After losing 20% of its police force, RPD needed to identify force multipliers. Video became integral to operations and dispatch is critical to video success. As the surveillance system was rolled out across the city, dispatch was included throughout the process to ensure buy-in. Although there was some resistance initially, the success stories have made it a resoundingly popular aspect of the dispatcher’s toolset today.
“Dispatch now provides situational awareness,” David Hexem, chief information officer, says. “Some key dispatchers participate in crime-solving—virtual police work. … We had dispatch follow shoplifters with the cameras and the value was instantly recognized.”
According to Dalzell, having one dispatcher dedicated exclusively to monitoring video is critical. During calls, dispatch has the ability to be in constant communication with officers, who receive information on their iPads, iPhones, MDCs and over the radio.
“If technology can make you more effective, we need it—especially in the field,” says Lt. Chris Catren.
Redlands began to install wireless cameras throughout the city in 2006. Prospect Park—a lush, 11.4-acre open space—presented a challenge to police. Today it’s a hallmark of how video is working for RPD.
“The typical response,” Dalzell says, “would have been to throw city resources at this problem. We’re talking foot patrols and overtime and so on, which can be successful—for a little while. But you can’t sustain it. You can’t afford to.”
So, working with Leverage Information Systems, RPD set up wireless high-definition cameras at critical points. Partnering with Friends of Prospect Park, RPD was able to fund the cameras in the park.
“This was a collaborative effort,” Ray Leblond, Leverage’s project manager, says of the initial camera plan. “It was [former RPD chief] Jim Bueermann who said, ‘If only I could talk to them …’ So we made that happen.” One-way speakers might sound funny at first, but they’re effective. They allow dispatch to communicate with people in violation of the law. But they don’t allow RPD to eavesdrop, something some members of the community were worried about.
Various triggers alert dispatch when they should be aware of certain cameras. The RPD is able to monitor the park “24/7, rain or shine,” David Hexem, RPD chief information officer, says. “Typically now, we’ll have someone wander into the park after hours and our dispatch through the speaker says, ‘We’re closed. Please leave.’” And they leave.
Today, RPD has more than 120 cameras operational across the 14-square-mile city. “Where cameras are installed,” Hexem says, “problems aren’t reduced. They’re eliminated.”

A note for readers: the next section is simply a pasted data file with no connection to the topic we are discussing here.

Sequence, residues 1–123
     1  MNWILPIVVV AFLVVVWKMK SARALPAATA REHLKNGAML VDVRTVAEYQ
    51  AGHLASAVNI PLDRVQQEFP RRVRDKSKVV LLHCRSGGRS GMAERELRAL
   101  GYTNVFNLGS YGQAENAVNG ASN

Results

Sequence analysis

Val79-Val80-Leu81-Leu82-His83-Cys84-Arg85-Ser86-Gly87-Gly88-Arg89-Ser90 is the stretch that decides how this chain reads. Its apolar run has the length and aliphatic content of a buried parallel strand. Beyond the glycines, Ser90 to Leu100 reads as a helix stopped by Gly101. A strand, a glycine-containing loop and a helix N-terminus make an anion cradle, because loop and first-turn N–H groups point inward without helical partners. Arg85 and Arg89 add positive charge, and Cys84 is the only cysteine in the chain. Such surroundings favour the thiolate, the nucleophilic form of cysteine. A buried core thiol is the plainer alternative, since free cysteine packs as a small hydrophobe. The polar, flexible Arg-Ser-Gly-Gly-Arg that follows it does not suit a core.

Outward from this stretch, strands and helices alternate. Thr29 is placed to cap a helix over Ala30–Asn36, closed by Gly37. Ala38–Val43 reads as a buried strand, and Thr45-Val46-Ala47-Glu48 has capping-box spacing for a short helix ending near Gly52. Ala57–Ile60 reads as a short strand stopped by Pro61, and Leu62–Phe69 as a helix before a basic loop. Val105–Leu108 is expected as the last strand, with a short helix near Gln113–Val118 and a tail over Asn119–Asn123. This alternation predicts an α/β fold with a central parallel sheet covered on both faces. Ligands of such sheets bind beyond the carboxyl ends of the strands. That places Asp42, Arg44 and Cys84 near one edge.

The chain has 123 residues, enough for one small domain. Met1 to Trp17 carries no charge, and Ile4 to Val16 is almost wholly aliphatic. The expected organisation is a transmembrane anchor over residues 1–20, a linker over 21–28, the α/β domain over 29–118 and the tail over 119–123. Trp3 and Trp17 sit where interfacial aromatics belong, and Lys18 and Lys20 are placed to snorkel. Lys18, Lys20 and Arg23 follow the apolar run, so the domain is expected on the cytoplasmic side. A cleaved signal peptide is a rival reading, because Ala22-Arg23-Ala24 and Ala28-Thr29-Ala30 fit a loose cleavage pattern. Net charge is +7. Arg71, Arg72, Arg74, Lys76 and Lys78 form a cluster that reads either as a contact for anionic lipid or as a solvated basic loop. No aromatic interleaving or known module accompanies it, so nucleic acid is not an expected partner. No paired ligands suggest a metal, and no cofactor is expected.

“We bought these GPS tracking devices with asset forfeiture money,” Lt. Travis Martinez says, pulling a device the size of a short stack of bills out of a homemade case from his shirt pocket. “Basically, we were getting hit with thefts—smash-and-grabs—at a local fitness center. So we checked Google and found this company—3SI Security.”
He displays the flexible electrical device, which is pared down to the basics—a battery, transmitter and some circuit boards. It has a USB port for recharging.
This small device has been remarkably effective. It can be planted on bicycles, stacks of currency, scrap metal, pill bottles, purses—anything that a thief might be after—and planted in the field. The device lies dormant until it begins to move. Then the battery clicks on, dispatch is alerted and its whereabouts are displayed in real-time on a map.
“We started using it at 6:30 a.m. By 7:15 a.m. we were active,” Martinez says. It was a simple matter then of apprehending the thieves. “Most of the time, we’ve caught the thieves within ten minutes of getting the alert.”
Of the 23 units RPD has, almost all are constantly operational. “Talk about bang for your buck,” Dalzell says.
According to Catren, Apple never intended the iPhone to be an enterprise device. As early adopters of this technology, RPD worked with Apple to work out some of the kinks. Today, they’ve added iPads to the line up and have greatly improved device management and efficiency.
Apple recommended the vendor Mobile Iron to manage apps on the mobile data products from an enterprise level. “We can kill rogue devices,” Catren says. “We can ensure that software is installed and updated.”